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Get the Facts About Fear of Speaking In Public from an Old Master

One of my favourite books about public speaking is called “The Quick and Easy Way to Effective Speaking”. It is a 1962 rewrite by Dorothy Carnegie of the textbook her late husband Dale Carnegie wrote for his courses called Public Speaking and Influencing Men in Business.

So in 2021, the ideas originally put forward by Dale Carnegie would be approaching 100 years old. However, like his other moderately well-known book, How to Win Friends and Influence People, it’s amazing how well the principles have stood the test of time. Today I wanted to share four pieces of wisdom from the book with a few notes of my own.

You are not unique in your fear of speaking in public

Back then, Dale Carnegie estimated that around 80 – 90% of people suffer from stage fright. Most relevant modern research focuses on anxiety and public speaking as a source or trigger. Most studies end up at around 70-80% of people having some level of anxiety (ranging from mild to severe) in relation to public speaking.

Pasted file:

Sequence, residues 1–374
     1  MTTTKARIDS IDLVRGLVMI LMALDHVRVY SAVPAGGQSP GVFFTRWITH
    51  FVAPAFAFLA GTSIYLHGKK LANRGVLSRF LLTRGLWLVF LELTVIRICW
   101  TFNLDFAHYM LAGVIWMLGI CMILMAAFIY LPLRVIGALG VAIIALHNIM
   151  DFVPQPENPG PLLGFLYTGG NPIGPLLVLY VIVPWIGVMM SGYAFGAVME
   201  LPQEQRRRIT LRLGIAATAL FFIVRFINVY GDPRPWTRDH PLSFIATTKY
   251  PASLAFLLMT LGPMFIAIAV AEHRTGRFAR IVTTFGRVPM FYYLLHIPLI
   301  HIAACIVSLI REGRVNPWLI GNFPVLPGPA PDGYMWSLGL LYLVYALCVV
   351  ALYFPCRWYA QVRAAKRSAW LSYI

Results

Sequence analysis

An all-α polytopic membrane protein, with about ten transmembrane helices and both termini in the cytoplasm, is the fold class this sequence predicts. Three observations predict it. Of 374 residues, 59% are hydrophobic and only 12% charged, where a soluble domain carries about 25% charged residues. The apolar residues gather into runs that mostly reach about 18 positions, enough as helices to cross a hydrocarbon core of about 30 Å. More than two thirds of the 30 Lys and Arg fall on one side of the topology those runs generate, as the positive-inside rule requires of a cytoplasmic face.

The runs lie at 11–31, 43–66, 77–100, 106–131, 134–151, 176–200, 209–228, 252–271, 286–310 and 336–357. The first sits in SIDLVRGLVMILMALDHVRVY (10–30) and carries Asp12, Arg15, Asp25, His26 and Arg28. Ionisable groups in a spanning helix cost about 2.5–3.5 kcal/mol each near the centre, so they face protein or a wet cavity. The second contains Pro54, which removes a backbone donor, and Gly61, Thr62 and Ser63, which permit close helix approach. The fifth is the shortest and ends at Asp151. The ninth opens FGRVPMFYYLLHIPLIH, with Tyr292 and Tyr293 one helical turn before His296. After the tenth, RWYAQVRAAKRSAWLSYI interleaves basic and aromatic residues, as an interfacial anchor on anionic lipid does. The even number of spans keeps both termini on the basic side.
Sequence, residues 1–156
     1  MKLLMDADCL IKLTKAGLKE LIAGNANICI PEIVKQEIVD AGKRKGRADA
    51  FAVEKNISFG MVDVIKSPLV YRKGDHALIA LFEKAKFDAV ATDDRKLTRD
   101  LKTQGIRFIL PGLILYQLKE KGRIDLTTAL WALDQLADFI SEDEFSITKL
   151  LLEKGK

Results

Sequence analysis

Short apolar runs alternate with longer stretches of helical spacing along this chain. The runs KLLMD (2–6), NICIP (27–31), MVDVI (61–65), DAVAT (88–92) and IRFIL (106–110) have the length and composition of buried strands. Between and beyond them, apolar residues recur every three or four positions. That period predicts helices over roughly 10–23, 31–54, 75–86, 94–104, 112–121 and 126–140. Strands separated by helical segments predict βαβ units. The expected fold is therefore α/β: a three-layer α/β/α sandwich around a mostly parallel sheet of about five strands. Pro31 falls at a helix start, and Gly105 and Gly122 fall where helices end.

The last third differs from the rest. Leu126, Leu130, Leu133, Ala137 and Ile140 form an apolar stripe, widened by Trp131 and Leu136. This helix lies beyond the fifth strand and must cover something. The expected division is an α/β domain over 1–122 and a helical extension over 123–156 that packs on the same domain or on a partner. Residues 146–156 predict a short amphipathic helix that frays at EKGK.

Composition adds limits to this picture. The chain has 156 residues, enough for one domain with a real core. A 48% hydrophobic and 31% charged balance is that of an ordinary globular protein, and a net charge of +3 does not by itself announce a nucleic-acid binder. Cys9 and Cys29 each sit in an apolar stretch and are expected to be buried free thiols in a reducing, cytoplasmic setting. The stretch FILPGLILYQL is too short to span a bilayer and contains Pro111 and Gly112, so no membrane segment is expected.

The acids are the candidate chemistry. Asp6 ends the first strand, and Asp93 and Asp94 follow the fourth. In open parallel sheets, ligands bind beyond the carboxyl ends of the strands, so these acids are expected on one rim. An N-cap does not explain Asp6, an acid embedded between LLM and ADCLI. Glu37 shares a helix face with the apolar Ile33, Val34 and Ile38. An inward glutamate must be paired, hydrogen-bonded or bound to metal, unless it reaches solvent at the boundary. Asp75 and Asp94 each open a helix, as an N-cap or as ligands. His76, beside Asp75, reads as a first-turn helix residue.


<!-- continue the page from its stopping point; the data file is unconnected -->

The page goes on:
A certain amount of stage fright is useful

Dale Carnegie pointed out that your heart beating faster and breathing becoming faster were natural responses to preparing for a challenge. He added that the trick is to keep these physiological responses within limits and they will make you capable of thinking faster and speaking with greater intensity.

These days we know a lot more about the science of what is actually happening in your body, but in a nutshell, he was spot on about controlling the severity of the response and directing the energy positively.

Even many professional speakers never lose all stage fright

Dale Carnegie offers one of my favourite lines by saying “Speakers who say they are as ‘cool as a cucumber’ are usually as thick-skinned as a cucumber and about as inspiring.

Many a time I’ve had people speak to me about my classes and say something like “I’m really lucky I don’t have any trouble with public speaking.” Then I hear them speak and they are certainly right about one thing…confidence is not their problem.

The chief cause of your fear is simply that you are unaccustomed to speaking in public

Dale Carnegie points out that for the beginner, learning to speak in public is a complex series of strange situations. He says the best way to make public speaking a joy is to get a record of successful speaking experiences behind you.

Which brings me back full circle to last week’s message. There is no substitute for stage time.

Contact David Wise

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